Why it’s important for small businesses to build good relationships with outsourced support

In the workplace, we all know how important collaboration is. Like your colleagues on a personal level (or not), there are many situations in which you have to pull together as a team in order for the business to be successful. It would be unusual not to find ‘good team player’ on a job description, and for very valid reasons.

A team that works well together is generally successful, but one non-team-player can pull everything down. Morale, enthusiasm, positivity, productivity – everything suffers.

But when you have great colleagues you want to work with, have fun with, and can be open with, results are better for both you personally and for the company as a whole.

What does that mean for small businesses?

If you’re a sole trader or a small business, you might need to outsource extra support to help you start or grow your business. That could be in the form of employing an accountant to support the financial side of running your own company, an expert marketer to help you promote your products or services, or a virtual PA to make sure the admin side of things is running smoothly.

One of the advantages of outsourcing extra support is that it gives you the time and flexibility to get on with what you do best.

What should small businesses consider when outsourcing work?

Outsourcing work is a big decision for a small business. There’s the obvious cost factor to weigh up, and you need to know that you’ll be getting real value for your money.

You also need to be 100% sure what it is you need (and the results you want) in order for someone to best support you. For example, you may want to have someone produce a brochure to promote your products – but if you don’t know what your key message is or who you are targeting, it’s very difficult for that person to get it right.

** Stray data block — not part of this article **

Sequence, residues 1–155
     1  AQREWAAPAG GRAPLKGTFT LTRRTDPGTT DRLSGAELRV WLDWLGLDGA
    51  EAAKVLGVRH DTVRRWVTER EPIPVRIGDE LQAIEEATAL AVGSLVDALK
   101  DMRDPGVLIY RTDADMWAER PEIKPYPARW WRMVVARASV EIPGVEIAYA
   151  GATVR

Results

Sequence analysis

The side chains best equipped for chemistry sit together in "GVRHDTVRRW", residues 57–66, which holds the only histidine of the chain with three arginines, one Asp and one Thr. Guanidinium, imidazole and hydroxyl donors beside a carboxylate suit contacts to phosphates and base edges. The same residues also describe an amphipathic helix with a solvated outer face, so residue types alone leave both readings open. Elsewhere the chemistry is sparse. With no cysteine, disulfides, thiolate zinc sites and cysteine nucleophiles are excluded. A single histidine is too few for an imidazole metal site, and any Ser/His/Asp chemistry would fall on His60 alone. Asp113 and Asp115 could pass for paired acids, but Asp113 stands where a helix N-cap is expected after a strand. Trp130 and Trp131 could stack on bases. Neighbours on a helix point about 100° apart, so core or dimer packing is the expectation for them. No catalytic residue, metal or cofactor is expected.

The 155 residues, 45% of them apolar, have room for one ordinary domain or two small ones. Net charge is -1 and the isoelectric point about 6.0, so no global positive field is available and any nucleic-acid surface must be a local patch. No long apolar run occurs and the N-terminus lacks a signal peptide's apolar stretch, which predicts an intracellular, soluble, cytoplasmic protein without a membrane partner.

I think one of the most important things, however, is to get on with the person that you’re outsourcing the work to. You’ll probably be working quite closely together, and it’s ideal for both of you if you get along on a personal as well as a professional level.

Why it’s so important to have a good relationship with your support person

Much like teamwork in a traditional office environment, building a strong relationship will only benefit the work you do together. If you can have open and honest discussions, listen to each other, give and accept constructive feedback, trust each other, manage each other’s expectations – and have fun – it makes for much stronger results.

I’m lucky that I get on well with my clients. I’ve learnt over the years that if I’m getting signals during initial conversations with potential new clients that we may not work together that well, it’s best not to take on the work. That goes for the potential client too – it’s important for them to get the right person for the job and if I’m not it, that’s fine.

So how do you know you’ll get on with someone you may never have met? A good starting point is to check out any reviews or testimonials they have – you’ll not only get a sense of what they’re like to work with, but also their approach and the results they get. That’s one of the reasons that I always ask my clients for a testimonial after we’ve worked together.

A phone conversation will also give you a good sense that you’ll get along – if someone asks you the right questions, has perhaps done some research about who you are and what your company is about, has done similar work and seems genuinely interested, they’re all good indicators.

My favourite element of my business is the partnership that is created with my clients. The marketing support and web design services I provide are a collaborative process and paramount to a great end result, as my most recent feedback from Gill Simpson at Chapter 44 suggests!

What is it that you look for when choosing someone to support your business? Do you consider what they'll be like to work with on a daily basis? What do you want to know about them before you make the decision to take them on? I’d be really interested to know what you think in the comments below!

Lucy RavenspointComment